Canadian disability rights activist implores Supreme Court not to strike down Canada’s laws prohibiting assisted suicide
Editor’s note. As National Right to Life News Today reported on Tuesday, the Supreme Court of Canada will release its decision in the case of “Carter v. Canada” this Friday. At issue is whether Canada’s highest court will strike down the nation’s laws prohibiting assisted suicide.
Mark Davis Pickup is a disability rights activist whose work we have published many times before. He also has spoken at the annual NRLC convention.
The following is a letter/email he sent in October 2014.
The Hon. Beverley McLachlin
Supreme Court of Canada
Dear Chief Justice McLachlin:
Canada’s Supreme Court is considering the case of Kay Carter and physician assisted suicide. As a Canadian who has been incurably ill and disabled for more than 30 years with degenerative multiple sclerosis (MS), I implore the Supreme Court not to strike down Canada’s laws prohibiting assisted suicide. The laws are there to protect vulnerable people when they are at their lowest point of life and overwhelmed by their circumstances. Let me illustrate:
I was diagnosed with MS in 1984. At about the 2-3 year point in my downhill slide with MS, my grief was so profound and unimaginable, my sorrow so deep, my heartache so sharp, that my judgment was clouded (although I did not know that at the time). If assisted suicide had been available in the mid-1980s, and if I had not been surrounded by people who held up my value even when I doubted it, I may have taken my life at a low point. I am so glad now that did not happen. I needed to safely grieve and not be helped with a death wish I might have expressed at my lowest point. Back then, I could not see past my darkness. I had no idea that the future would eventually grace my life with five beautiful grandchildren to love and new avenues for joy and new reasons to live despite my chronic, incurable, degenerate disease and serious disability.
You will hear much about unbearable pain and suffering. Such arguments are suitable to the 1970s not the 21st Century. Pain management has become so advanced it can eliminate all physical pain. Ottawa’s Dr. John Scott is a world renowned palliative care and pain management specialist. He wrote:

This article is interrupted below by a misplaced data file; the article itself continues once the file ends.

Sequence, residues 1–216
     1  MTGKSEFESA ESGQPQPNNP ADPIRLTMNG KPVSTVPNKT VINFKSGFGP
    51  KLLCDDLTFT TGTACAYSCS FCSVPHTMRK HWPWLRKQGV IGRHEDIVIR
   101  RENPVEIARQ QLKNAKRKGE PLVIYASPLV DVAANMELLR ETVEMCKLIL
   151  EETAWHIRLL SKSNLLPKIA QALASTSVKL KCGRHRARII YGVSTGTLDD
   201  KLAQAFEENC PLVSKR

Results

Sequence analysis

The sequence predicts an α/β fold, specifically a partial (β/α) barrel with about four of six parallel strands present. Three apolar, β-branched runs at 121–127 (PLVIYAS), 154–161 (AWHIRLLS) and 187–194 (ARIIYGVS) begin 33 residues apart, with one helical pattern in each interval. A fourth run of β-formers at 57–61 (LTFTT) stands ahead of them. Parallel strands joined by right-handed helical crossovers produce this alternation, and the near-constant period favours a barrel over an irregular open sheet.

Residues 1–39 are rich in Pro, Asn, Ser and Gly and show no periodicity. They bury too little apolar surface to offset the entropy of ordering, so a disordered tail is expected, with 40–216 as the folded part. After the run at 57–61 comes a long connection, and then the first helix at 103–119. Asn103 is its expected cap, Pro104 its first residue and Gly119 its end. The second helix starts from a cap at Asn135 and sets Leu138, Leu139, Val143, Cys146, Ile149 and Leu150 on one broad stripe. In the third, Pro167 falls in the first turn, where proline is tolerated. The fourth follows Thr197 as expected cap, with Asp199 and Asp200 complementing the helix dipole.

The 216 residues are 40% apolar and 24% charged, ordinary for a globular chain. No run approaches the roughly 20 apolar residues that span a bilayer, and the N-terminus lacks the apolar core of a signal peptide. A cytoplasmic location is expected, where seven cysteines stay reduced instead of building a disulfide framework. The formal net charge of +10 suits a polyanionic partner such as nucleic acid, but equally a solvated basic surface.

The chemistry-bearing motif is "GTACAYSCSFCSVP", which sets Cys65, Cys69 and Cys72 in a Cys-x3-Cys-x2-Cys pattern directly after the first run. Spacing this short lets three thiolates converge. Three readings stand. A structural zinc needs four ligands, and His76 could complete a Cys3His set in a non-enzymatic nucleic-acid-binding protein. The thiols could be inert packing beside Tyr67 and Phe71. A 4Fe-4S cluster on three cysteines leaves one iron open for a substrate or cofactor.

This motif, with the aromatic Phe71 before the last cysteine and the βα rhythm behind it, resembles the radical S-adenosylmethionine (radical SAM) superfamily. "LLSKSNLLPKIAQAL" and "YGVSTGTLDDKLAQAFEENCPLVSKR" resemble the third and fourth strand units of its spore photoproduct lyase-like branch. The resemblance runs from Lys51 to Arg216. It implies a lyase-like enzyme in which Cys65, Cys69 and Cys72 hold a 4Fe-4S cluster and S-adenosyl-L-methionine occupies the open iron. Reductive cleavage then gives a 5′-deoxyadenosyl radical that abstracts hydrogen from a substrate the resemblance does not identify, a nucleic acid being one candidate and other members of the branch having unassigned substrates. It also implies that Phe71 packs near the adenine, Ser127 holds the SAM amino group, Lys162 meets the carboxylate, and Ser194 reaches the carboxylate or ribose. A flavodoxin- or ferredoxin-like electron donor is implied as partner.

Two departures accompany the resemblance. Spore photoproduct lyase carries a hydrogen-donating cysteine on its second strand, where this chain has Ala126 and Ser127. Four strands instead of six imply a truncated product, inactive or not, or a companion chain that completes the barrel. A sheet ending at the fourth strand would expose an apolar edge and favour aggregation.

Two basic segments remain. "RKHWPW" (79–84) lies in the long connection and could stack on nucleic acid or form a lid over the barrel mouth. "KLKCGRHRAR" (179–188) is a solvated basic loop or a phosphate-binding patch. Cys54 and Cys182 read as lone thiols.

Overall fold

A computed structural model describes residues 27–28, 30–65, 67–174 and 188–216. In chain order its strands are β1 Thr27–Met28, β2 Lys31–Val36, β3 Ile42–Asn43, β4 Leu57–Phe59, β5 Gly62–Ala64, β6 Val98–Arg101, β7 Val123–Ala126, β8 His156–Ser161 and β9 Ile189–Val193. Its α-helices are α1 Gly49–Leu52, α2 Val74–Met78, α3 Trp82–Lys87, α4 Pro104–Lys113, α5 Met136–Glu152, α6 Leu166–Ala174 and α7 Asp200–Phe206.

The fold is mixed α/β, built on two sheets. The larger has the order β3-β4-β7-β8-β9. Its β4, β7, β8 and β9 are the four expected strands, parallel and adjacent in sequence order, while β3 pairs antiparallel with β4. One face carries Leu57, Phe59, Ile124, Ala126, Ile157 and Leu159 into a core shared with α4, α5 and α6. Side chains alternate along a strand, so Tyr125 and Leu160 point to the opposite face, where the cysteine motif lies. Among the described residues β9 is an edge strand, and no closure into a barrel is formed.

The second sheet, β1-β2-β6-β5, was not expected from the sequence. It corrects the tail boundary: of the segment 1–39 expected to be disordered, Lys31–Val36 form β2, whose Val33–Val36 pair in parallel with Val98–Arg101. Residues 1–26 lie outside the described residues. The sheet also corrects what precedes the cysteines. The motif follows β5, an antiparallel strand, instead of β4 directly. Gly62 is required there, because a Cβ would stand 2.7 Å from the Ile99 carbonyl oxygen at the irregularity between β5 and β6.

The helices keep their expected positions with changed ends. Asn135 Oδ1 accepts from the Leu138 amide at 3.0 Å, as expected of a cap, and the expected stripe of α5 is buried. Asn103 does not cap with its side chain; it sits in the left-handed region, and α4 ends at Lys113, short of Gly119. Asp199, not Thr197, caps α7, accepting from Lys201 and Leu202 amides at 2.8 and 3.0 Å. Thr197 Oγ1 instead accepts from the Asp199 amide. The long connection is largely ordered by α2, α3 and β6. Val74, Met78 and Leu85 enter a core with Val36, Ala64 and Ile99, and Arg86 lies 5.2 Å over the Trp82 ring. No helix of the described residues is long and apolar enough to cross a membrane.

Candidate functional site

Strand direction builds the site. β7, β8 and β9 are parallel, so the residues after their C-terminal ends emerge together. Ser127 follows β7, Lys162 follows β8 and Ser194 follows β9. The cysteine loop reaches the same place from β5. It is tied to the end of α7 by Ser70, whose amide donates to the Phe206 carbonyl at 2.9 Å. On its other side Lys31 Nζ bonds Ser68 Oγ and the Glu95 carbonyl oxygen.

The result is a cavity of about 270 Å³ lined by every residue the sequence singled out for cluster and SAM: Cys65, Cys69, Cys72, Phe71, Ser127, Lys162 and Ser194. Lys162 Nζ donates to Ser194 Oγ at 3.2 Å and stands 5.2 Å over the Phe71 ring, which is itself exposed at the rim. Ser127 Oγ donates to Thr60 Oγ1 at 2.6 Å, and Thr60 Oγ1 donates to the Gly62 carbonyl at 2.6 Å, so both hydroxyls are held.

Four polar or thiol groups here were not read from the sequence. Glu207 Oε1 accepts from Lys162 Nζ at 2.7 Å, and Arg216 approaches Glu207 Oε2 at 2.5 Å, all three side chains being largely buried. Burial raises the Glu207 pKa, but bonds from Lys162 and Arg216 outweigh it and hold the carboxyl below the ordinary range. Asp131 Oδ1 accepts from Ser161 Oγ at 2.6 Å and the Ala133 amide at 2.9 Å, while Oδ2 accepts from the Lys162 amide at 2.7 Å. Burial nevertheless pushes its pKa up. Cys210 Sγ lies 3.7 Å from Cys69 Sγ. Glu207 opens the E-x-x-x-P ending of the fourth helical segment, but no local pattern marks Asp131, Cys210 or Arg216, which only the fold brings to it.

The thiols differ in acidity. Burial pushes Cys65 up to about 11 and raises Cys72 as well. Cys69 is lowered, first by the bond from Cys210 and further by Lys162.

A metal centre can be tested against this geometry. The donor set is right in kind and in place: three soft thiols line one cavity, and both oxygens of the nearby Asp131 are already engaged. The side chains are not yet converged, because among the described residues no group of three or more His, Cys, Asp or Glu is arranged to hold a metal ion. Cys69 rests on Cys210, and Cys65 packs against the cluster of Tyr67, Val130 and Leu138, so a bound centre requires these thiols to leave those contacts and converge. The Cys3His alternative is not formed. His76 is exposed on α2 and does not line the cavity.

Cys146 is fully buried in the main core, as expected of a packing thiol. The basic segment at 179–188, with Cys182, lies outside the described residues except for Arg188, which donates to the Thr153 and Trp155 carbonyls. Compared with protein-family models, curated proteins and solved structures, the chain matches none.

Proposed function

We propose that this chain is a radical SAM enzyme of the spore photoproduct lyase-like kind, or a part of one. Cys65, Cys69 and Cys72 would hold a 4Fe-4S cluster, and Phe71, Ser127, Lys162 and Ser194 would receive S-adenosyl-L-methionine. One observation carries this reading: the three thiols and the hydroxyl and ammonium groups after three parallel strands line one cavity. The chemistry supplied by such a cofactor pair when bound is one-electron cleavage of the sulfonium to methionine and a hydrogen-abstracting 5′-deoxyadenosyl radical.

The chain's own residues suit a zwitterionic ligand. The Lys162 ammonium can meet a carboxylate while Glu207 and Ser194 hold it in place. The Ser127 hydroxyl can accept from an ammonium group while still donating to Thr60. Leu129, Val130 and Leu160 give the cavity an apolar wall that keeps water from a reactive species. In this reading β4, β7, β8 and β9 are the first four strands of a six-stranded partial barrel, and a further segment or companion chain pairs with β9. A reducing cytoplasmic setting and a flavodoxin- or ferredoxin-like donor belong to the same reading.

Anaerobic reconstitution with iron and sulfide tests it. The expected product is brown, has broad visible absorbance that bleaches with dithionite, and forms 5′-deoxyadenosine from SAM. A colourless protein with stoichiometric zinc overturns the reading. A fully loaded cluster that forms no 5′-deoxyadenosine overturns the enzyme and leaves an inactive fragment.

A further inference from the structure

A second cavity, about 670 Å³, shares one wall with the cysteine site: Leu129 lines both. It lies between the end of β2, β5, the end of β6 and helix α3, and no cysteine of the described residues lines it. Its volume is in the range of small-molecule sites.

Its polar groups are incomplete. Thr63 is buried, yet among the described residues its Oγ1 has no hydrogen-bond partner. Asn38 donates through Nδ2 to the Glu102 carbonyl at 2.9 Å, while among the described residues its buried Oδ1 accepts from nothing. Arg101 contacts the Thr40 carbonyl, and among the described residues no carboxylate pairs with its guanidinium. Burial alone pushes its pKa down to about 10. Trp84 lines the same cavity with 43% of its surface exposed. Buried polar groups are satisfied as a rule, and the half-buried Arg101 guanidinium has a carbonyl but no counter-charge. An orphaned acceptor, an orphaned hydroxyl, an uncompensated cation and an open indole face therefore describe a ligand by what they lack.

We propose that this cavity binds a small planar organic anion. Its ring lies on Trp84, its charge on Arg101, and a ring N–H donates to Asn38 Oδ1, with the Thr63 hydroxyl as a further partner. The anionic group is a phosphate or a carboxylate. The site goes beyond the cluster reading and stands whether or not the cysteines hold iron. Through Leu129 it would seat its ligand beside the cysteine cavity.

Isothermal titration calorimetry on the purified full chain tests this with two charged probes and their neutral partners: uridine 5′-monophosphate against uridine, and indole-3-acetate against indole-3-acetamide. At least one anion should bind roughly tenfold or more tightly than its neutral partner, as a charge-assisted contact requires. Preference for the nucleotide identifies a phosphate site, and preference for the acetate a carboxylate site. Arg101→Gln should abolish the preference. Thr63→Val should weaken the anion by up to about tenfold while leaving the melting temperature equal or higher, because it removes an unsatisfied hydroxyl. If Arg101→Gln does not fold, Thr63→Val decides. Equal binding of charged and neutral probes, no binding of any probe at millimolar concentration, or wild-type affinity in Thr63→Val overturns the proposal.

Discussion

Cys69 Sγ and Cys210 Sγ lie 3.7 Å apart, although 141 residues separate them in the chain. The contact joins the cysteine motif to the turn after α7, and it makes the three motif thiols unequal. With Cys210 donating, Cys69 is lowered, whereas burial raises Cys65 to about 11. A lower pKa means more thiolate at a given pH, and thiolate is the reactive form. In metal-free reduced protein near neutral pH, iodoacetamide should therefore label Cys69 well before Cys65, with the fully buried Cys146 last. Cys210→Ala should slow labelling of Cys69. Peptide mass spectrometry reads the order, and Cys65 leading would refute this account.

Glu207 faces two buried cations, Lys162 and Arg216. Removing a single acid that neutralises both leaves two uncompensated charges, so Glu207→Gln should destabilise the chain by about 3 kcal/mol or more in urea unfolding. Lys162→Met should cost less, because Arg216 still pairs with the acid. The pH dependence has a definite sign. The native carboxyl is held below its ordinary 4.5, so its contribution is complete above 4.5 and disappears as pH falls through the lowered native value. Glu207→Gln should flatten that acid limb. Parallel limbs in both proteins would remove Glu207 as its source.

“The World Health Organization has demonstrated that access to pain-relieving drugs, along with a simple education program, can achieve relief in the vast majority of patients. Specialists in various parts of the world estimate that these basic approaches can control 85-98 percent of cases. The remaining cases require more careful attention and the use of multiple drugs and therapies to achieve complete relief.” [Emphasis mine.]Those words were written back in 1995. How much more has the wonderful science of pain relief progressed in these intervening 19 years?! If someone is suffering great pain in 2014, they do not need suicide, they need a new doctor! For a civilized society, the answer to suffering is never to kill the sufferer rather to protect and care for them within state-of-the-art palliation which does not, and must not, include suicide or euthanasia.
AUTONOMY VERSUS COMMUNITY
I want to conclude with this thought: Many people hold up personal autonomy and independence as the highest right. But if you value community they are not the highest right. The idea of independent personal autonomy is diametrically opposed to the concept of interdependent community. One person’s actions don’t affect just them. They never do.
If I choose assisted suicide it will affect my wife, my children and my grandchildren. It will affect my doctor because I will ask her to stop being a healer and become my killer. My suicide will affect my community and, in a small way, it will affect my nation by helping to entrench the notion there is such a thing as a life unworthy to be lived.
No Madam Chief Justice, no one has a right to assisted suicide and that includes the incurably ill and disabled, like me. It will not just affect me – it will help to put in peril vulnerable people who will come after me. No matter how sick I become I still have a responsibility to the Common Good of society and posterity. I have a right to expect the best palliative care available and those things that foster life with dignity, even at its end.
Mark Davis Pickup